The stock side mount intercooler is a big heat soak and is basically like a condom…it’s only good for one hard use. Most people upgrade to a front mount intercooler (FMIC) because it not only keeps your intake temperatures down, it looks appealing as well. BoostFactory and Tyrolsport make quality upgraded sidemount intercoolers (SMIC), but they are more stealth because you can’t see them as easily. The nice thing is they bolt up in the stock location. There are many FMIC kits out there, and you’ll pay around $700 or so for a quality one. Another option is to just buy a core and custom make your piping yourself. If you do, run 2.25” piping from your turbo to the intercooler, and 2.5” piping from the intercooler to the throttle body. Going custom would be a great time to relocate your DV as well. I chose to look on eBay and buy just a bar/plate core and make custom piping. If you do this, look for SSAutochrome, as they have quality cores for cheap. Do some searching for clamps and couplers yourself as you’ll find many places and perhaps cheaper places than I found. Finally by going custom, you’ll need a Manifold Absolute Pressure (MAP) sensor flange from 42 Draft Designs. Most kits have one welded on, but by going custom, you’ll need to buy one in either aluminum or steel (depending on your piping material).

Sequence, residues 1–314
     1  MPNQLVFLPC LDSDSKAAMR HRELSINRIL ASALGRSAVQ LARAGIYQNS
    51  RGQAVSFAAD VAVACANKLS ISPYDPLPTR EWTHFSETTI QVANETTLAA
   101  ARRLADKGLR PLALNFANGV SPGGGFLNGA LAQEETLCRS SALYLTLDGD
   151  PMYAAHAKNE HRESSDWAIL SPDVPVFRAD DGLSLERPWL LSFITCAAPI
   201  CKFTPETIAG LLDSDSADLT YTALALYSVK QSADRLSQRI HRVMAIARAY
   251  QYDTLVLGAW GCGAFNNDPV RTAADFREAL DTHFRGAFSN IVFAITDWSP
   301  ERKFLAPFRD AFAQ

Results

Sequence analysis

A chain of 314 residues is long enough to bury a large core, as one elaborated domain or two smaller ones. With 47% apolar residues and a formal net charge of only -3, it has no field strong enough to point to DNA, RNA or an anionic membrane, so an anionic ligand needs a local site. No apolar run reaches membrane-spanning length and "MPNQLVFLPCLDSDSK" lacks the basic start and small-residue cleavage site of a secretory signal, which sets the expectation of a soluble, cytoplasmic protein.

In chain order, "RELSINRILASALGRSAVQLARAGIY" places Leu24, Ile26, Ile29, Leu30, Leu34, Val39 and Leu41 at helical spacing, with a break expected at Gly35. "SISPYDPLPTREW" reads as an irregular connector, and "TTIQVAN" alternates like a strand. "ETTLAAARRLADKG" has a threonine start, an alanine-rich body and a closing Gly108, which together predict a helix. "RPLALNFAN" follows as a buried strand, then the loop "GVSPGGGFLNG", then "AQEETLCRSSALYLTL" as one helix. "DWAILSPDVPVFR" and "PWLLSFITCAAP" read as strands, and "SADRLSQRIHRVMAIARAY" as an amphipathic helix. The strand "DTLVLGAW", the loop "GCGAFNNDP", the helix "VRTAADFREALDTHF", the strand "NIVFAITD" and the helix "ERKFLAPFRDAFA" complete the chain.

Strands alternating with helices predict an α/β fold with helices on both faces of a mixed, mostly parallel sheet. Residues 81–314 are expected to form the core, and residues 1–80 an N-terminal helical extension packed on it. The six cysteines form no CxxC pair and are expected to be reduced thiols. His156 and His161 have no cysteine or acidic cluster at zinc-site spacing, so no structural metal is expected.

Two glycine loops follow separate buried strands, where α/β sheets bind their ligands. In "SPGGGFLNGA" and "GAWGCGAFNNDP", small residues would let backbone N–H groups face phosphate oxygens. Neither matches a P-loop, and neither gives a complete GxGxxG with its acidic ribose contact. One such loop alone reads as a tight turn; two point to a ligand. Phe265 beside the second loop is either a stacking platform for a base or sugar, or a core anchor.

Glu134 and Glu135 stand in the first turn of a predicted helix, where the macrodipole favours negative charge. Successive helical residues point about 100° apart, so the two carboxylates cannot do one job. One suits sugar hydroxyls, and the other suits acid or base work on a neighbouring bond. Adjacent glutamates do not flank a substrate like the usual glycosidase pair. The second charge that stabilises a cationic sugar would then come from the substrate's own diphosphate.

The main benefit of running an upgraded IC is the temperature drop at the intake manifold. If you use Lemmiwinks, you can raise your ignition timing to gain more performance. When you get toward the end of the stock turbo mod stick, you’ll be glad you have one as this is what will keep you running efficiently.
8. PULLEYS: ($200 NEW)
Another mod that has been argued over many a time, lightweight pulleys are used to replace your stock crank, power steering, and alternator pulleys. These stock pieces, especially the crank, are heavy, and thus require more energy to rotate them. By swapping for lighter ones, you free up some of that energy and it’s of course, easier to spin a 1lb pulley than a 10lb one. The alternator pulley may be too difficult for some to replace as newer 1.8Ts use a specialty bit needed to remove the nut. ECS has them and you can rent it out but pay for it. I haven’t replaced the alternator pulley in Jen’s GLI…just the crank and power steering ones. Those two are far heavier than their lightweight counterparts, and thus I believe to be the important ones to replace. Unorthodox Racing also makes lightweight pulleys, but I’ve never installed them. Go with ECS and forget about it.